The Eagle County Airport comes into view as Interstate 70 proceeds west toward Glenwood Canyon. Photo taken 08/28/04.
Interstate 70 travels along the northern edge of the Eagle River Valley; the river itself is just south of the freeway. Photo taken 08/28/04.
Westbound Interstate 70 reaches Exit 140, U.S. 6 east. U.S. 6 West merges onto the freeway and will not split off again until Exit 109 about six miles west of Glenwood Springs. Photo taken 11/08/03.
Interstate 70/U.S. 6 West
Not very many people were on this stretch of Interstate 70; most winter season traffic tends to exit in Summit County or Vail to reach the most easily accessible ski resorts from Denver. However, traffic to Aspen, Snowmass, and Glenwood Springs still use westbound Interstate 70, along with travelers to Grand Junction and the Southwest. Photo taken 08/28/04.
View of Interstate 70/U.S. 6 west and the Eagle River to the south as the freeway approaches Exit 133, Dotsero. Photo taken 08/28/04.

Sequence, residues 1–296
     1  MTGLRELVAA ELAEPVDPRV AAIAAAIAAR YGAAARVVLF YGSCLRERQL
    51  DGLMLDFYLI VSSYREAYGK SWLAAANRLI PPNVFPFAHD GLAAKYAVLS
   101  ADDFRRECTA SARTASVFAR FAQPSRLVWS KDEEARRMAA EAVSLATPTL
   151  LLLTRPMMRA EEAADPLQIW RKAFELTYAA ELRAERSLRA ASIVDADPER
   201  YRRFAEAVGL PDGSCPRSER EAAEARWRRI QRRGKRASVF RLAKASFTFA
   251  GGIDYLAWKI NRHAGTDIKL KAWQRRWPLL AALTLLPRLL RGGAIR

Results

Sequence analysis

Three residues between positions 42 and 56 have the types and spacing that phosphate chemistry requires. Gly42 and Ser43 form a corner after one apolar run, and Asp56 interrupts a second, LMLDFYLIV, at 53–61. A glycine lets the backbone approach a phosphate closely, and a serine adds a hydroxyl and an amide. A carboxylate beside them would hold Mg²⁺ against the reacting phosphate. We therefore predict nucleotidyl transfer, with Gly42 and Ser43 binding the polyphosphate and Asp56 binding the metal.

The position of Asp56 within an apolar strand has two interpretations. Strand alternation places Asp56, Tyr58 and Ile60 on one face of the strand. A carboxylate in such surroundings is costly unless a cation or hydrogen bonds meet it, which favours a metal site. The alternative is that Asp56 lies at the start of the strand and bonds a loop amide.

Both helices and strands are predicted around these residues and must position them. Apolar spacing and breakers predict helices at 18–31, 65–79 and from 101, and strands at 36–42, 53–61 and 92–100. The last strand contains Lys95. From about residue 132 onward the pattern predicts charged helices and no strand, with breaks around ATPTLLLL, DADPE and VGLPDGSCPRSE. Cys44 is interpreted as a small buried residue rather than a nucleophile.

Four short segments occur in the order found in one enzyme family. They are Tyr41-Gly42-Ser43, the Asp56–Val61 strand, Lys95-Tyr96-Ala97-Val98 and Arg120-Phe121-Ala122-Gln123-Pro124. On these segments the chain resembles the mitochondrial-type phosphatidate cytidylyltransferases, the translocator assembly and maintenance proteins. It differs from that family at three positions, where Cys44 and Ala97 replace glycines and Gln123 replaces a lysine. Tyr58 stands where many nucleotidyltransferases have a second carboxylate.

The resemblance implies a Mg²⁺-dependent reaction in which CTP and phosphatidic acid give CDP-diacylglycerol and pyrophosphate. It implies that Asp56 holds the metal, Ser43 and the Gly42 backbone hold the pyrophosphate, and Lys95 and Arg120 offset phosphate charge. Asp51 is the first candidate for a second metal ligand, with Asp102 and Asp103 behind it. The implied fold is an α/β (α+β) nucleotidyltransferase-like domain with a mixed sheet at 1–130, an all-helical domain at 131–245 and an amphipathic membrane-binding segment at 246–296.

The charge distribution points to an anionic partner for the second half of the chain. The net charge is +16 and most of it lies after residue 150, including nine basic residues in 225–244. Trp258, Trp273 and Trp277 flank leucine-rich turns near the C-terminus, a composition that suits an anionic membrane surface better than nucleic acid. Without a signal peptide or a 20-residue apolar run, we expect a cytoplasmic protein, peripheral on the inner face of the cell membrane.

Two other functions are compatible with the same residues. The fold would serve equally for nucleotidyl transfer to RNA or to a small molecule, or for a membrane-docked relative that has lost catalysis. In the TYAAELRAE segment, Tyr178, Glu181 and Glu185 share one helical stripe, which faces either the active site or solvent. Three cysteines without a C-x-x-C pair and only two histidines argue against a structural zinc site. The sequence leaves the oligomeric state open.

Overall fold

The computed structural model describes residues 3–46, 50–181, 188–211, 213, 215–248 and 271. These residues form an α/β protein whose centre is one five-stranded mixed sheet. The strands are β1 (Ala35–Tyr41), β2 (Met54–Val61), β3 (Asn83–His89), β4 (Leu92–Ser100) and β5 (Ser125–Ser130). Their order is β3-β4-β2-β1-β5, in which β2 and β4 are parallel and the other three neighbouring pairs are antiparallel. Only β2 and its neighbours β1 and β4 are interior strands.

The next exit along westbound is Exit 133, Dotsero. Photo taken 08/28/04.
Westbound Interstate 70/U.S. 6 reaches Exit 133, Dotsero. Looking north, you can see the old U.S. 6 steel truss bridge over the Colorado River. Glenwood Canyon, one of the modern engineering marvels that ranks with Interstate 15/Virgin River Gorge and Interstate 75/Alligator Alley through the Florida Everglades. Photo taken 08/28/04.
The next three exits along westbound Interstate 70 serve Glenwood Canyon: Exit 129, Exit 121, and Exit 119. Photo taken 08/28/04.
As we enter Glenwood Canyon, the speed limit drops to 50 miles per hour. With the scenery, limited sight distance, curves, tunnels, and related factors, it is prudent to slow down to 50 miles per hour at most until reaching Glenwood Springs on the other site of the canyon. Photo taken 08/28/04.
A variable message sign has been placed at the entrance to Glenwood Canyon, which allows for communication of construction, weather delays, and other impacts to traveling through the canyon. Photo taken 08/28/04.
Upon reaching this sign, Interstate 70 and U.S. 6 enter Glenwood Canyon of the Colorado River. Photo taken 08/28/04.
Interstate 70 and U.S. 6 enter the canyon. The freeway stays north of the Colorado River; the walls of the canyon get closer and closer together. Interstate 70 leaves Eagle County and enters Garfield County. Photos taken 08/28/04.

Page Updated January 22, 2006.